September 5, 2012
Predicting the outcome of Venezuelan elections has not been a notoriously fruitful endeavor in the country’s recent history. This sentiment has not noticeably changed as Venezuela prepares for its upcoming presidential election next month, where polling results have been contradictory and mixed. Most pollsters report an advantage of up to 15 percentage points for President Hugo Chávez and predict an easy electoral victory for the incumbent. However, reports from the Venezuelan opposition claim that their candidate, Henrique Capriles Radonski, is polling similarly with Chávez. As the October 7 elections quickly approach, one wonders about the irregularities between the Capriles’s and the media’s polling.
The fact that the opposition even touts itself as a contender for victory in October is a surprise, given the expected formality of Chávez’s reelection to a third term. After all, it has been documented that Chávez usurped prior Venezuelan electoral law to overhaul the country’s political system. Upon taking office in 1999, Chávez quickly moved to consolidate his power by amending the constitution to redirect political power into the office of the president.
What’s more, Congress was all but eliminated and replaced by a transition council, the new National Legislative Commission – known as Congresillo. The members of the body were appointed by the Constituent Assembly, an organization dominated by Chávez and his supporters. Massive nationalization of industries throughout the country allowed Chávez to dominate the economy. Moreover, the autonomy and integrity of Venezuela’s National Electoral Council (CNE) –– created to ensure fair and free elections –– was severely compromised since the institution that appointed the members of the CNE—the Electoral Nominating Committee—was also packed with chavistas, as Chávez’s supporters are known.
These actions helped Chávez cruise to reelection in 2006 with 63% of the vote. As the opposition pointed out, the CNE lacked autonomy from the government, and critics raised questions over the manipulation of the electronic voting system, including the claim that voter rolls had been inflated. In addition, access to the media was uneven and overwhelmingly favored the incumbent, whose campaign expenditures consistently superceded the legal limit. Furthermore, Chávez continued his manipulation of the political process for the 2010 elections by amending the electoral laws, making them even more in his favor, such as changing the rule for seat allocation and allowing the gerrymandering of districts that had voted for the opposition in 2008 and 2009.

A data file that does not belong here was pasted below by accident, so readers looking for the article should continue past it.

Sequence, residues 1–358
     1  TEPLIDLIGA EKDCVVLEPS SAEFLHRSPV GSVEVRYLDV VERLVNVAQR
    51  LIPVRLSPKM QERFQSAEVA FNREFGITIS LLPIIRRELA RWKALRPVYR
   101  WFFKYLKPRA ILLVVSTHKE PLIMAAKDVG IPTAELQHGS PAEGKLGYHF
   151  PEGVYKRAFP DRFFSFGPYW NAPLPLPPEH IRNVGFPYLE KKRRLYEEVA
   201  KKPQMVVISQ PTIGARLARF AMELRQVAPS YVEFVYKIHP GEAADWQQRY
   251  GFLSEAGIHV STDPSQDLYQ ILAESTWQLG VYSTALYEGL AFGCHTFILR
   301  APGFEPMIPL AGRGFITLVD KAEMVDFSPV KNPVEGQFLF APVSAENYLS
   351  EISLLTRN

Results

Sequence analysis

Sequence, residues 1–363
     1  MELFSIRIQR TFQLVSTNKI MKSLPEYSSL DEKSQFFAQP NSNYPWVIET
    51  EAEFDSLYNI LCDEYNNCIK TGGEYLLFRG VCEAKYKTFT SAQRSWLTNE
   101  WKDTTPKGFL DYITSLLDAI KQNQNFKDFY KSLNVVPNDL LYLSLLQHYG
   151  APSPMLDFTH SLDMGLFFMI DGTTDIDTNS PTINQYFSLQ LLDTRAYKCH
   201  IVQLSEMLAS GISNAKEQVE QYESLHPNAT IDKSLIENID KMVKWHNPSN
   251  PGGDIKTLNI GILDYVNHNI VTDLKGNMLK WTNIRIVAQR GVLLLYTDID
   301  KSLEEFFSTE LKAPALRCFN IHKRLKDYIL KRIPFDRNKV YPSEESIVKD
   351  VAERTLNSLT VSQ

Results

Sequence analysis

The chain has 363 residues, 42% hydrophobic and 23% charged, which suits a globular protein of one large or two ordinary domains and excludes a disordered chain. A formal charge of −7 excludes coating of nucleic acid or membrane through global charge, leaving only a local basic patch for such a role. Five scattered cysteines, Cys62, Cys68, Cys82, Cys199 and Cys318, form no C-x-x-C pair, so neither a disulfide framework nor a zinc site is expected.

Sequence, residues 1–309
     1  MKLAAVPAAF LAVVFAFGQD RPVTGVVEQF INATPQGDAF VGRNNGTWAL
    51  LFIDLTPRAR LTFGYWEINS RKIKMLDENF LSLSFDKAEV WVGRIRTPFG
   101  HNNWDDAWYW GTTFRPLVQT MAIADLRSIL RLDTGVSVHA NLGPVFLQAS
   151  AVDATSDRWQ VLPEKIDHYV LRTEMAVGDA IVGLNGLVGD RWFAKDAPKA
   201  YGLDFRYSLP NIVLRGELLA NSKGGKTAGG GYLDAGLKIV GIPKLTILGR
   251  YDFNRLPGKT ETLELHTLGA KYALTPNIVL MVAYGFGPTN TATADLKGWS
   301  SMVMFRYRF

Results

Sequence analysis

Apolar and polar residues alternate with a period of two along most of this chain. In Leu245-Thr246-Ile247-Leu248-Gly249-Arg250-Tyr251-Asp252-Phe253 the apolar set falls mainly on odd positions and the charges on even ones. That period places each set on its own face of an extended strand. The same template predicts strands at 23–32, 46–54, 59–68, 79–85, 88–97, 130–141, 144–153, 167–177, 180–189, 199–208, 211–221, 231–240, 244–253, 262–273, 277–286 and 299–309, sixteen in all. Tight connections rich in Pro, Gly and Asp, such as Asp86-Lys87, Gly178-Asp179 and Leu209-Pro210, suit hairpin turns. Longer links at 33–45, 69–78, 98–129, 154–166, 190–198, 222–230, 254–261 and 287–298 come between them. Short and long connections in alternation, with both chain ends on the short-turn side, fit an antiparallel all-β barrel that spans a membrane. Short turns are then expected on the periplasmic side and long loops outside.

Despite these disadvantages, Venezuelan opposition parties united under a broad-based alliance known as the Coalition for Democratic Unity (MUD) during the 2010 parliamentary elections. While Chávez’s party, the United Socialist Party of Venezuela (PSUV), retained control of the National Assembly, the MUD managed to capture the same amount of the popular vote as the PSUV.
The MUD’s success in 2010 has propelled its candidate, Capriles: a young, moderate candidate who could attract much of Venezuela’s important swing vote. This, in turn, has increased speculation that Chávez’s rule could be nearing an end, a sentiment pounced upon by opponents along with recent reports regarding the president’s poor health.
Yet, the opposition should temper its optimism. There is little chance that Capriles will actually take power, primarily for two reasons. First, a healthy, charismatic Chávez has access to state financial resources to spread throughout a well-developed patronage system. Combined with his impressive popularity amongst the poor, these factors still make him the most formidable political figure in the country. With all of Chávez’s built-in advantages, the opposition is stacked unfavorably to triumph in October.